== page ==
Geography doubtless imposes variable limits for both war and peaceful prosperity, anywhere. Some nations have therefore banded together for military reasons then split apart in local quarrels, more or less regularly. Thirteen American colonies had been afraid to confront Britannia alone, but somewhat overconfidently took on that challenge as a confederation. At the other extreme, little Rhode Island even refused to send delegates to the Constitutional Convention, fearing big neighbors more than remote British rule. Fortunately, similar possessiveness about local perks was unable to collect enough political power to dominate other states. After a year by the time of the state ratifying conventions, however, it was a close call. Peace and prosperity: getting bigger discourages predators, but getting smaller offers sole possession of what you have. Since the United States grew in jumps through most of its history, it probably learned intangible things from alternating episodes of being too big and then too small. Frederick Jackson Turner's thesis of the advancing frontier as a shaper of culture is not greatly different in the essence of its argument.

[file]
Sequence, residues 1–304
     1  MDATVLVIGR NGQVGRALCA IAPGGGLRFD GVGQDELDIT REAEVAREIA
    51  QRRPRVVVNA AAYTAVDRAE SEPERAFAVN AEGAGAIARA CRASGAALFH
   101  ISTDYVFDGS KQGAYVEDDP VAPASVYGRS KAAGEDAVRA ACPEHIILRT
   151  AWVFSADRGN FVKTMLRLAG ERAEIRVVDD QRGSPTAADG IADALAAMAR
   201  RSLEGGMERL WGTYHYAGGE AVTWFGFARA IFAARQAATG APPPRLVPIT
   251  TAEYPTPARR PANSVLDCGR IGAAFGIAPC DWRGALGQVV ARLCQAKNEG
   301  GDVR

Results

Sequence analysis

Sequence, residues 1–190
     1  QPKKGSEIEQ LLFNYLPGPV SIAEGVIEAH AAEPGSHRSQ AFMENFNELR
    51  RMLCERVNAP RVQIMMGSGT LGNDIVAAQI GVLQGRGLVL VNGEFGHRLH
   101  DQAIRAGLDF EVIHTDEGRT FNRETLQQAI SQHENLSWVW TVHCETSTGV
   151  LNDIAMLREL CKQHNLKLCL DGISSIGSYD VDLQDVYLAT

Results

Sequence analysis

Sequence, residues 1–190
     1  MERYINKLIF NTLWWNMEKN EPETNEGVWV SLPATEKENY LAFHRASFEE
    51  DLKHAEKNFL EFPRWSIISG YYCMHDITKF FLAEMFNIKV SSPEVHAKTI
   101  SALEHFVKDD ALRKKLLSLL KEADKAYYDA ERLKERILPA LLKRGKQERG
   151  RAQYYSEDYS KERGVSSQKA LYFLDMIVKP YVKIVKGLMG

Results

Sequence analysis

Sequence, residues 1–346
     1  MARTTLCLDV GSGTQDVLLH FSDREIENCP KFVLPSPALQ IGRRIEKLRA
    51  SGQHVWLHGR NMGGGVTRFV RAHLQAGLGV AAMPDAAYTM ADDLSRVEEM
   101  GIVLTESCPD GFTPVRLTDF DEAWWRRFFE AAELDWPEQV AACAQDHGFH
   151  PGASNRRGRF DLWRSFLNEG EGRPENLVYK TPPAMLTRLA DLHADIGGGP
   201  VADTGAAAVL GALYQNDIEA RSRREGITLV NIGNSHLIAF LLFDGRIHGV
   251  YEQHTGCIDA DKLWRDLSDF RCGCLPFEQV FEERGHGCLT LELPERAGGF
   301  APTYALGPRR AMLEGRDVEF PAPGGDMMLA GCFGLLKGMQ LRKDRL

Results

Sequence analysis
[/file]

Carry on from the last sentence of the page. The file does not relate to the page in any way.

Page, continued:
When ideas of Union first gained traction, both the thirteen American colonies in the Eighteenth century and the twenty-five nations of the Eurozone in the Twenty-First, were dominated by the memory of war. The American objective was the simple one of military parity with a common enemy. The nations of the European Union had a longer view; a seemingly endless cycle of bloody wars sustained their conviction that other wars would inevitably follow unless they did something innovative. National unification on the American model sounded ideal but difficult. Perhaps the habits of cooperation and trade would lead to it. The unexpected decline of the Soviet empire further reduced the fear of war. Pride may also have led to over-reaching; twenty-five is comfortably larger than thirteen, which up to that time was the largest nation merger to survive. But twenty-five is smaller and thus more manageable than the present American fifty. To begin the process with monetary union might produce quick benefits from a source too mysterious to produce much public resistance. Nobody could think of a war started by a monetary dispute.